Update Your Code to Listen on Port 8080

If your Node code provides a service via HTTP, then it must listen to port 8080.

If your Node code provides a service via TCP then you must request a port in your dotcloud.yml file and one will be assigned. You cannot specify the port number. You can read the assigned port number from a file you will find generated on your service: /home/dotcloud/environment.json

Create a dotCloud Account


Remember the username and password and password you create. You’re going to need it with the CLI.

Install the dotCloud CLI

We strongly encourage you to use virtualenv when working with Python tools like the dotCloud CLI, but it is not a requirement. Once you have a Python environment working on your system:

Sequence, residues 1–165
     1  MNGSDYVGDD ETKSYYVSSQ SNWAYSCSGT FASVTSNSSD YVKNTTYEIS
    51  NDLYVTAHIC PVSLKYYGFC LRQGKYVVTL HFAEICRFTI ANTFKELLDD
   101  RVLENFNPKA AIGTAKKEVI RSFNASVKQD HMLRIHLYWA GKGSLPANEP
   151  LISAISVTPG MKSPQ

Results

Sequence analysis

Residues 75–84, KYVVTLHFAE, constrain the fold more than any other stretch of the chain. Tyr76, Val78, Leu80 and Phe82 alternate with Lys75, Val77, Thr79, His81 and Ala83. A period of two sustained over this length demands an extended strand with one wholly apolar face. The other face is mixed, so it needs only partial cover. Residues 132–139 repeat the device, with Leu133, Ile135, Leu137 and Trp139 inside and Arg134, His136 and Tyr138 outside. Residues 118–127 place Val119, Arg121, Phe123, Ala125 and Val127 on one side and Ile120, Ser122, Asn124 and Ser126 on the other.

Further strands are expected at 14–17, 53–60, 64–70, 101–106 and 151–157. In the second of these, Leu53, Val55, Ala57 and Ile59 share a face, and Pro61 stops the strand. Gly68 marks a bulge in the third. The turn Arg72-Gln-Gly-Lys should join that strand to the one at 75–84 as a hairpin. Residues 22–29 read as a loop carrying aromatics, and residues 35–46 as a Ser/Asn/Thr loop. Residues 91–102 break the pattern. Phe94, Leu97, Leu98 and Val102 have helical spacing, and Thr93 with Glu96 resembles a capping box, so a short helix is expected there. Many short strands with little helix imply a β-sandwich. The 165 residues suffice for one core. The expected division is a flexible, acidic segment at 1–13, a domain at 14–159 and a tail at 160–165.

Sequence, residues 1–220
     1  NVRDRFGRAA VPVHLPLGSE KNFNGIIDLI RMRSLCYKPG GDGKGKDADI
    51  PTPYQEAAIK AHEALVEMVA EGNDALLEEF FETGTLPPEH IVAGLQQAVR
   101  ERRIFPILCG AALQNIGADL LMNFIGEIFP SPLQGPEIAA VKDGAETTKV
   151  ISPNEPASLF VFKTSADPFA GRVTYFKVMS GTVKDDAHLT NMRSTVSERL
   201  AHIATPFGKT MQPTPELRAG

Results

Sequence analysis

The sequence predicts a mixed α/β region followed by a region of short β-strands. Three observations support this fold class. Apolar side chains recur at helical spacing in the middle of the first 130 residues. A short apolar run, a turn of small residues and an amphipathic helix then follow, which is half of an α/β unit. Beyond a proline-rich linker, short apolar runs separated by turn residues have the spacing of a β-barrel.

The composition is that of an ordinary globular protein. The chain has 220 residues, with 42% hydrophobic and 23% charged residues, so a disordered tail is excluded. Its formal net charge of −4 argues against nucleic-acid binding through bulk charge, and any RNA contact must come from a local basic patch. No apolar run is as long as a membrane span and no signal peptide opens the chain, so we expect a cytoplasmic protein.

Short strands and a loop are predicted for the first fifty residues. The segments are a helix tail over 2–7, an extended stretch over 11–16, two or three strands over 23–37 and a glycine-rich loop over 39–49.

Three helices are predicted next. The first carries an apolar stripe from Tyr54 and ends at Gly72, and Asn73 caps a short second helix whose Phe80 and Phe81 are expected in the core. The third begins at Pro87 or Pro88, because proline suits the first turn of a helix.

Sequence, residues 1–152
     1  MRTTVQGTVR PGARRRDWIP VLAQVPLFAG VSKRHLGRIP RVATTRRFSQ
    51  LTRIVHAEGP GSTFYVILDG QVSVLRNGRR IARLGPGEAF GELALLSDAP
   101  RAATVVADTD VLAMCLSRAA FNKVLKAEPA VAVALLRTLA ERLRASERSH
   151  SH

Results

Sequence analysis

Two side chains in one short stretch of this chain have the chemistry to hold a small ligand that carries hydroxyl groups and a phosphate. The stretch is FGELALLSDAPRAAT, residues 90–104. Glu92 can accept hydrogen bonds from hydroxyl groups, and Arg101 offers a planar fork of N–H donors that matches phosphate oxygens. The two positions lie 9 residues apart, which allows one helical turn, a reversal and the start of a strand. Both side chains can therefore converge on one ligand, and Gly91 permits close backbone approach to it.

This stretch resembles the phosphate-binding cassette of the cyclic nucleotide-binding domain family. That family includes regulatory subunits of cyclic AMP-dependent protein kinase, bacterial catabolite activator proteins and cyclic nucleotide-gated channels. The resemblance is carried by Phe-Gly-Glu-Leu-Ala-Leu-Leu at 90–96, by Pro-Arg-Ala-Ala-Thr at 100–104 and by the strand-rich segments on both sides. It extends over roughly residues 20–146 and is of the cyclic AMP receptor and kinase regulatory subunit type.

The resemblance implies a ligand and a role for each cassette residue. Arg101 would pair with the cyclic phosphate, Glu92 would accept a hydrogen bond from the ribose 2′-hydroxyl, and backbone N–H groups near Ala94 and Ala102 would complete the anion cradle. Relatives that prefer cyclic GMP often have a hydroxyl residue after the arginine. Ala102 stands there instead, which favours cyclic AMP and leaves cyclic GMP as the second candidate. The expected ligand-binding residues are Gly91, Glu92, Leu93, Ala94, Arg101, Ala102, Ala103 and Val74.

$ pip install dotcloud
$ dotcloud setup
$ dotcloud check

Create a New Application and Push

# Change to the local directory to where we have our code
$ cd dotcloudapp
$ dotcloud create --git portedapp
# Choose “Y” to connect this directory with the “portedapp” application.
$ dotcloud push

And you’re done! If the push got disconnected from the push logs (unfortunately that’s been happening a lot recently), you can reconnect with dotcloud dlogs latest and get the status. If there is a problem, or you have any questions, please email us at support@dotcloud.com using your dotcloud account email address, or let us know the URL to your application.

We’re happy you’re here!

/dotCloud Developer Support